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October 22nd, 2014

Ebola 101 for the classroom – Q & A

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With the recent outbreak of Ebola in Western Africa and the confirmed case of Ebola in Texas on 9/30/2014, students are bound to have some questions. The following answers have been fact-checked with the information currently being provided to the public from the Center for Disease Control and Prevention (CDC). The “student” questions are in bold and the “teacher” answers are written below. You may also access a PDF version of the information below by clicking on the red download worksheet box above the title.


1. Last night I heard that someone in Texas got Ebola and is in the hospital. And isn’t it really bad if you get Ebola?

Yes, Ebola is a very serious disease, but you can only get it by having direct contact with someone who is infected or with their body fluids (see question 5). And yes, a person who was in Liberia (where the outbreak is) travelled back to the United States and is now being treated for Ebola in a hospital in Texas.


2. Can we, the United States, handle it?
Yes, and here are three reasons why:

1. We have an organization called the Center for Disease Control and Prevention, or the CDC–their whole job is to be the experts on public health issues, which could mean everything from Ebola to diabetes. And they are very very good. They are among the best at what they do in the whole world and you can find more information about Ebola on their website and social media platforms.

  • Website – http://www.cdc.gov
  • Twitter – @CDCgov
  • Facebook – https://www.facebook.com/CDC

2. The United States is very prepared for responding to an infectious disease like Ebola.
• The government, health care facilities, and others already have in place steps of what to do if an infectious disease got out into the population. This means that everyone who would be involved in helping to keep the virus from spreading and taking care of patients knows the difference steps to take. If you would like to see the plans yourself you can visit the CDC Ebola webpage at http://www.cdc.gov/vhf/ebola/index.html.

3. The United States has an extremely good health care system, whereas areas of Western Africa have less resources and organization within their health care system. What that means is that our hospitals, other health care facilities like doctor’s offices and public places are well-equipped to provide excellent care to patients. Here are a few examples of how they are able to treat patients who get sick:

  • they have access to more resources like essential medical supplies, personnel protective equipment, and medicine
  • they are able to get test results quickly to determine why you are sick
  • they are able to monitor patients carefully because they have a large workforce of trained medical professionals

3.  But it doesn’t seem like it is going very well in Western Africa where the outbreak started…

Unfortunately, the situation in Western Africa is very dire and people are dying. Where the outbreak has occurred there is a less organized health care system and government infrastructure in place so handling an infectious disease like Ebola can be very challenging. Another factor that complicates trying to stop the spread of Ebola in Western Africa, is that traditionally during a funeral, the families and friends of the deceased often touch the body as they say goodbye. This is less of a common practice in the United States.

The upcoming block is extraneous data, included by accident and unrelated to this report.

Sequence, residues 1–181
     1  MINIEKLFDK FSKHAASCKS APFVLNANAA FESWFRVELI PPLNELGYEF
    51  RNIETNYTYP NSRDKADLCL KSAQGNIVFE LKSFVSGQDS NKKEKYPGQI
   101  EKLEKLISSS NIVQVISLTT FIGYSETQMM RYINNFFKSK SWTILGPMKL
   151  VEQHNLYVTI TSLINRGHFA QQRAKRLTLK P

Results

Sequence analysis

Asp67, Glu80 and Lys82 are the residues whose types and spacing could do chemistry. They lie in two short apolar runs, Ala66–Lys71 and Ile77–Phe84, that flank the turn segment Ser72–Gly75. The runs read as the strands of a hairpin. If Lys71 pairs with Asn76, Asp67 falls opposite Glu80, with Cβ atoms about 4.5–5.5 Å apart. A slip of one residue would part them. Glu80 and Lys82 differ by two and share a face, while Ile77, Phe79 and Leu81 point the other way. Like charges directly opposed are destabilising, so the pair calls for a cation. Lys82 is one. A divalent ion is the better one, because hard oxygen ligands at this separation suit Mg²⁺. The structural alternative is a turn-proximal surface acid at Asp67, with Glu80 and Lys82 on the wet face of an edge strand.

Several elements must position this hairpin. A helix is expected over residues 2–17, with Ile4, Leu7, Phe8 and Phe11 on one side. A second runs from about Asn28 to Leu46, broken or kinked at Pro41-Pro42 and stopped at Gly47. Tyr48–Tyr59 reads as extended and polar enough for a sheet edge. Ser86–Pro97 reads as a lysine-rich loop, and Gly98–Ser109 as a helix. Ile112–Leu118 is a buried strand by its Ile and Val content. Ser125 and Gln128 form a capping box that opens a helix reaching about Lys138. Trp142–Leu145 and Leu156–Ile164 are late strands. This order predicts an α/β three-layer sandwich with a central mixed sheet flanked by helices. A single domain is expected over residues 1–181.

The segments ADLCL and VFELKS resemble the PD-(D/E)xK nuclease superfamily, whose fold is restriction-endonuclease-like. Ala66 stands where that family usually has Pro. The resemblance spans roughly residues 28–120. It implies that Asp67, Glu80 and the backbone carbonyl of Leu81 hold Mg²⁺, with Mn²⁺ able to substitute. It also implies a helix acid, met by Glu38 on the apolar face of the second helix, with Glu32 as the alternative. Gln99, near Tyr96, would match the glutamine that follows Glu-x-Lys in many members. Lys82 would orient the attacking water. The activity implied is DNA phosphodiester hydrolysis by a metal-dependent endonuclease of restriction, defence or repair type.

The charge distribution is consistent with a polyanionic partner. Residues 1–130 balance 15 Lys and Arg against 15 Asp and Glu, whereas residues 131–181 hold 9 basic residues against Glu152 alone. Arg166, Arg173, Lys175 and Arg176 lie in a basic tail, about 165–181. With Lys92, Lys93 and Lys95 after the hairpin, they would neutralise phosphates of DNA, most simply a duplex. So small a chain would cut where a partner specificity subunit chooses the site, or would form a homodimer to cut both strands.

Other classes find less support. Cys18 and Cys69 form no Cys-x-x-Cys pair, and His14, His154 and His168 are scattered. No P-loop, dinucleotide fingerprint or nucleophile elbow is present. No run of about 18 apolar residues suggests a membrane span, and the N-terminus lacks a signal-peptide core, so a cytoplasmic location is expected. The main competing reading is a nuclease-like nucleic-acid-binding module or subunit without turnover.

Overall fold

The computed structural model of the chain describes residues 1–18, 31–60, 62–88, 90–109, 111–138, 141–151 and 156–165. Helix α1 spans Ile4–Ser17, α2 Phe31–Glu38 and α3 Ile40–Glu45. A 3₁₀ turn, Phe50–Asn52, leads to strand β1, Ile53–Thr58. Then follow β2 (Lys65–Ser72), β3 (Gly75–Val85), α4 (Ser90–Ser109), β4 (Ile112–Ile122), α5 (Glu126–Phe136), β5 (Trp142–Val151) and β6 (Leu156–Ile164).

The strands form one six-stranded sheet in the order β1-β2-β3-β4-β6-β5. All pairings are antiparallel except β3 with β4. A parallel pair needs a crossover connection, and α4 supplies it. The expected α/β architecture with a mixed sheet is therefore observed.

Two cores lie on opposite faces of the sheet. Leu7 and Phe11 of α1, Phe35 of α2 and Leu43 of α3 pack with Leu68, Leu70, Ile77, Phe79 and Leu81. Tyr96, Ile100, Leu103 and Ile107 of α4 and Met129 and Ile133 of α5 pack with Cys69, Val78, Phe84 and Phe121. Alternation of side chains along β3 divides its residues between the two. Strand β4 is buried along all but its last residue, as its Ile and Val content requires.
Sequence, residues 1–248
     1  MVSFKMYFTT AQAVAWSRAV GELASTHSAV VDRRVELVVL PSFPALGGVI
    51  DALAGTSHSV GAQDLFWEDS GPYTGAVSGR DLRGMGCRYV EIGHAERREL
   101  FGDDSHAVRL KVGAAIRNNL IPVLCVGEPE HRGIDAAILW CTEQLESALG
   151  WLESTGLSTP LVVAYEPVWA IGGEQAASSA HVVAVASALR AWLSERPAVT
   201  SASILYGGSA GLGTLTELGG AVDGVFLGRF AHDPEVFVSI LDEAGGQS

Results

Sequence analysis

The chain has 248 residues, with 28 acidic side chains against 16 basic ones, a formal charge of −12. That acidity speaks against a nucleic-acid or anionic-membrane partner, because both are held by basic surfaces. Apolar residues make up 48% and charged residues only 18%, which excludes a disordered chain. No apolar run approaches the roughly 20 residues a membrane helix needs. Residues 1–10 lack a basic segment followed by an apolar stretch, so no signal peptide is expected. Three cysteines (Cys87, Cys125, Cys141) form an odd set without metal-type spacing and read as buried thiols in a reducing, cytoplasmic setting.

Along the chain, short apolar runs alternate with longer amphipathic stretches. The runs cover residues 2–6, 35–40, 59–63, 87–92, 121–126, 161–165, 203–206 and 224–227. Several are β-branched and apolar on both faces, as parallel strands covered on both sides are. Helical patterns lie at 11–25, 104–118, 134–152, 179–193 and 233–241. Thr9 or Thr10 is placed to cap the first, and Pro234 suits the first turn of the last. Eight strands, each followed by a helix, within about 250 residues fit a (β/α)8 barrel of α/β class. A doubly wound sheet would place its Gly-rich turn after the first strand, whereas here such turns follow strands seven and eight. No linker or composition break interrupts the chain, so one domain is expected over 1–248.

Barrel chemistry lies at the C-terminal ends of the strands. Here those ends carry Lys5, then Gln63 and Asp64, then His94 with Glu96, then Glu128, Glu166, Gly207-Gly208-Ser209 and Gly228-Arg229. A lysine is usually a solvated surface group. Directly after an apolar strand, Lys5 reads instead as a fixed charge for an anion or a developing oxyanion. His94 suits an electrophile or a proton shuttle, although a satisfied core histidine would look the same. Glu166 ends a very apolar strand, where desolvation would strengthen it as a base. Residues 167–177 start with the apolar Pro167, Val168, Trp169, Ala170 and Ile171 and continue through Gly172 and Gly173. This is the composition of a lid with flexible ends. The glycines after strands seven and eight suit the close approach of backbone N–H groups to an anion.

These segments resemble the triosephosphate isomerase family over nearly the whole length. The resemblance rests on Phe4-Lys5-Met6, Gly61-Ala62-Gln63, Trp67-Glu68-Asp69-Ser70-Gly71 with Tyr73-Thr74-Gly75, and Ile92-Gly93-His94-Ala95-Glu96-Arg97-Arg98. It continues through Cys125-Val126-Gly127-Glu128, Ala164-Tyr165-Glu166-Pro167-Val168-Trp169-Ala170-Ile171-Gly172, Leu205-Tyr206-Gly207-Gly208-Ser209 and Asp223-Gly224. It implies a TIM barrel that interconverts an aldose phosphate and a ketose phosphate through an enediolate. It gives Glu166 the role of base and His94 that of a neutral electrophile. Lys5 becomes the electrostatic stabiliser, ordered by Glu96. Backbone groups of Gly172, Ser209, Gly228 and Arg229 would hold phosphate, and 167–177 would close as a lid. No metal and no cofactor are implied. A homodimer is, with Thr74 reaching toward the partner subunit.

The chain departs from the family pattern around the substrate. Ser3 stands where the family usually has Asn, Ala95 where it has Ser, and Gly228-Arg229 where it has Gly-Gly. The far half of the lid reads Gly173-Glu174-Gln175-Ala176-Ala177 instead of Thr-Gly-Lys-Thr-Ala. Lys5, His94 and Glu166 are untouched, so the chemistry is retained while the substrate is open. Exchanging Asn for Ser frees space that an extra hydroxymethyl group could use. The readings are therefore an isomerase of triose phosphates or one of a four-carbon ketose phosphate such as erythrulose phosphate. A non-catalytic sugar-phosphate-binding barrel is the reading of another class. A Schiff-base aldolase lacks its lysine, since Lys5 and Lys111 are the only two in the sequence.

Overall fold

4. That is all good to know that we have plans in place and have a world-class health care system, but I still want to know, how do I get Ebola?

You would have to be in direct contact with someone who is sick with Ebola, meaning they are currently showing symptoms. When you think of direct contact think:

  • touching someone or touching the bodily fluids of a sick person or being exposed to objects, such as needles, that have been contaminated.

Also, remember that people are not contagious (able to spread the disease to another person) after exposure unless they develop symptoms. So, unless the person was sick at the time when you touched them, they were not able to give it to you.


5.  So now I know how Ebola is spread from one person to another, but how would I know if I had Ebola?

Signs and symptoms of Ebola include:

  • Fever (greater 101.5°F)
  • Severe headache
  • Muscle pain
  • Weakness
  • Diarrhea
  • Vomiting
  • Abdominal (stomach) pain
  • Unexplained bleeding or bruising

If you become infected with Ebola, remember direct contact, the symptoms may appear anywhere from 2 to 21 days after exposure to Ebola, but the average is 8 to 10 days.


6. Is there a cure? How would I get better if I get infected?

There is not a cure or vaccine yet, but doctors and researchers all over the world are working on it and a few have had good results.


7. Is there anything I should be doing now so I don’t get Ebola? Like, should I stay home from school or stop hanging out with my friends?

No, you don’t need to change anything that you are doing right now. You can still go to school, travel, and hang out with friends and family. Plus, know that if there was a time that you did need to stay home or change your usual schedule, there is already a well-organized plan in place. Also, you definitely would know if the situation changed because you would see it on TV, the Internet and on your social media platforms. If you want updates you know you can always trust you can always check the CDC’s website at http://www.cdc.gov, or follow them on Twitter or Facebook.

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